“Dune” 4K UHD Review

Dune

Dune

 – for sequences of strong violence, some disturbing images and suggestive material.
Director: Denis Villeneuve
Starring: Timothée Chalamet, Rebecca Ferguson, Josh Brolin, Oscar Isaac, Stellan Skarsgård, Jason Momoa, Dave Bautista, Zendaya
Running Time: 2 hours, 35 minutes
Theatrical Release Date: October 22, 2021
Blu-Ray/4K Ultra HD Release Date: January 11, 2022 (Amazon.com)

Plot Summary

Feature adaptation of Frank Herbert’s science fiction novel, about the son of a noble family entrusted with the protection of the most valuable asset and most vital element in the galaxy. (from IMDB)

Film Review

Please Note: This main review was written as a result of my initial unfavorable experience in the theater watching Dune. Please see the end of the review for a more positive review of my second viewing, with more comments in the special features section below it.

The long-awaited new adaptation of the popular Frank Herbert sci-fi book series, Dune, has finally arrived, after the pandemic delayed its release almost a full year. This isn’t the first time Dune has been adapted for the screen. A previous 1984 film has a cult following, while a couple TV movies were produced in 2000 and 2003. However, this time, visionary director Denis Villeneuve helms this new, ambitious sci-fi epic that aims to bring the story to life in a way never done before. The end result is a visually stunning and gorgeous film that feels like it’s lacking the heart and passion to really make an impact.

Dune
As a full disclaimer, so you know where I’m coming from as a reviewer here, I have never read the books or watched any of the previous visual adaptations, so I went into viewing this movie with a fresh slate. I had been looking forward to this film – especially because of the high profile cast, the immense buzz surrounding the movie, and its initial positive reviews. I was surprised to find myself feeling kind of lost while watching the story unfold. I didn’t really grasp what many of the characters’ motivations were, and I found it tough to keep track of which group of people was which, and why they were doing what they were doing. In the midst of all of this is popular young actor Timothée Chalamet, who plays Paul Atreides, the son of the Duke (played by Oscar Isaac), and who is discovering there’s something special about himself that he doesn’t quite understand yet. His mother, Lady Jessica Atreides, played by the lovely Rebecca Ferguson, is some kind of mystic, who has special abilities and wants to cultivate the abilities that her son also seems to possess. However, while Paul is trying to figure out what the weird, prophetic dreams he’s having really mean, and where his place is among his people, the viewer is learning about several different groups of people, and who they are or what they represent. You have a creepy (and gross) villain called the Baron, talk of an Emperor that we never see, a race of people apparently indigenous to a new planet, and Paul’s clan which is relocating to this planet. The main problem is, many of the people look or dress the same, and I feel like we’ve been dumped into this new world without clear explanation as to what exactly is going on. It seemed like everyone is fighting over spice and mining it (*shrug*) and it just doesn’t seem like something necessarily worth fighting over and dying for.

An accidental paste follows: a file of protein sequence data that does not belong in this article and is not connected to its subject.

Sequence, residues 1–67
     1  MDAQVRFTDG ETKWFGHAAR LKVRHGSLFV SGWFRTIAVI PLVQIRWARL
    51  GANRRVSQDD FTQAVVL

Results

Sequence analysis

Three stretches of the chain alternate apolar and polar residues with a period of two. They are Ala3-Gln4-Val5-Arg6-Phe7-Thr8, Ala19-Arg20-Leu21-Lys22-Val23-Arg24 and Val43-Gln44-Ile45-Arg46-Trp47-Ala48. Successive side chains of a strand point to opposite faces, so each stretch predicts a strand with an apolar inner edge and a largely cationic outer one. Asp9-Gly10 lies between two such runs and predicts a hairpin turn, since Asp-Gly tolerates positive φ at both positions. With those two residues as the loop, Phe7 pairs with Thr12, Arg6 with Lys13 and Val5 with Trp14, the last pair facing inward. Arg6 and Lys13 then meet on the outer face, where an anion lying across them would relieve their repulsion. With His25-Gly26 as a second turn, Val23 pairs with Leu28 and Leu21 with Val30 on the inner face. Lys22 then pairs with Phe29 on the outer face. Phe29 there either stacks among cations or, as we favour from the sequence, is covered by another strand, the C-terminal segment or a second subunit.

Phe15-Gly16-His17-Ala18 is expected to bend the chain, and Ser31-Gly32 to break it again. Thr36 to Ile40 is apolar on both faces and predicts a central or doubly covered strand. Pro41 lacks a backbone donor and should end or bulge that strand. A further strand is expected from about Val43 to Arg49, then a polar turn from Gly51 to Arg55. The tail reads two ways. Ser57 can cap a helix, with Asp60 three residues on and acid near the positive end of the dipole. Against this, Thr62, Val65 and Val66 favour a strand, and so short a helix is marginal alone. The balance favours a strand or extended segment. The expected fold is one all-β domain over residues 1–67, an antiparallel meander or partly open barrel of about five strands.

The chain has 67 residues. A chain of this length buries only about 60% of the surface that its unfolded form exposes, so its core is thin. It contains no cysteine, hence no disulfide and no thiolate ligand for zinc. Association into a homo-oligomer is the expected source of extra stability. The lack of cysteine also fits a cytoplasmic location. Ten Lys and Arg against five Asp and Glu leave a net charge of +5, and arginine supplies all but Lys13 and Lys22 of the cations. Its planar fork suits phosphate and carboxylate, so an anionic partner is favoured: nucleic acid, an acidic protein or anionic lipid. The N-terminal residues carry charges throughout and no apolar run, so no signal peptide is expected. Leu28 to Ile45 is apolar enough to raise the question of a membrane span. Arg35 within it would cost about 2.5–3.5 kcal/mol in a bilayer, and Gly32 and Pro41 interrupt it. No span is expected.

Maybe it would help if I had previous knowledge of the books and the story, and maybe I just need to see it again now that I have a basic knowledge of the story, but I was surprised by how much I didn’t find the story, world, or characters all that interesting or engaging. The score from composer Hans Zimmer is loud, booming, and kind of celestial, but its intense volume seemed to overpower the dialog and mood of any given scene. I thought director Denis Villeneuve’s 2016 sci-fi drama Arrival was pretty brilliant, but he tends to bring some of the ambiguity of that story into this one, which could probably benefit from a more straight-forward story delivery. And with a 2-hour-and-35-minute runtime, the movie tends to drag in places when it shouldn’t, and then rush by too fast during moments that need more time to develop. It creates this uneven push-and-pull with the story that makes the movie feel almost twice as long than it really is.

Dune
The saddest part to me is that it seemed like the most interesting and engaging characters to watch in the film had the least amount of screen time. To make matters worse, they don’t survive this first half of the story, which makes me wonder what in the world we have to look forward to in Dune: Part 2. Where most movies like this would leave me excited for the story to continue, I was actually relieved when the movie ended and have no real interest in a Part 2 (although I almost inevitably will see it anyway). Again, let me reiterate that I wanted to like this movie, and I even expected to, but I found much of it exhausting and uninteresting, which ultimately left me disappointed.

When I watched 2019’s Little Women for review purposes last year, I was left very unimpressed with Timothée Chalamet. I found his character to be one of the weakest things about that movie. But I also found myself entirely irritated by Florence Pugh’s character in that film, and just like I had given Florence a second chance in this year’s Black Widow, I was ready and willing to give Chalamet a second chance in Dune. However, while I ended up loving Pugh’s performance in Black Widow, I only merely liked Chalamet in Dune. (Incidentally, this movie didn’t help change my feelings about Zendaya either.) He was good, but he didn’t do much to elevate the proceedings enough for it to not still feel pretty dull. He’s such an integral part of the story, too, that I can’t imagine how he’ll be able to carry Dune: Part 2, whenever that should release.

Dune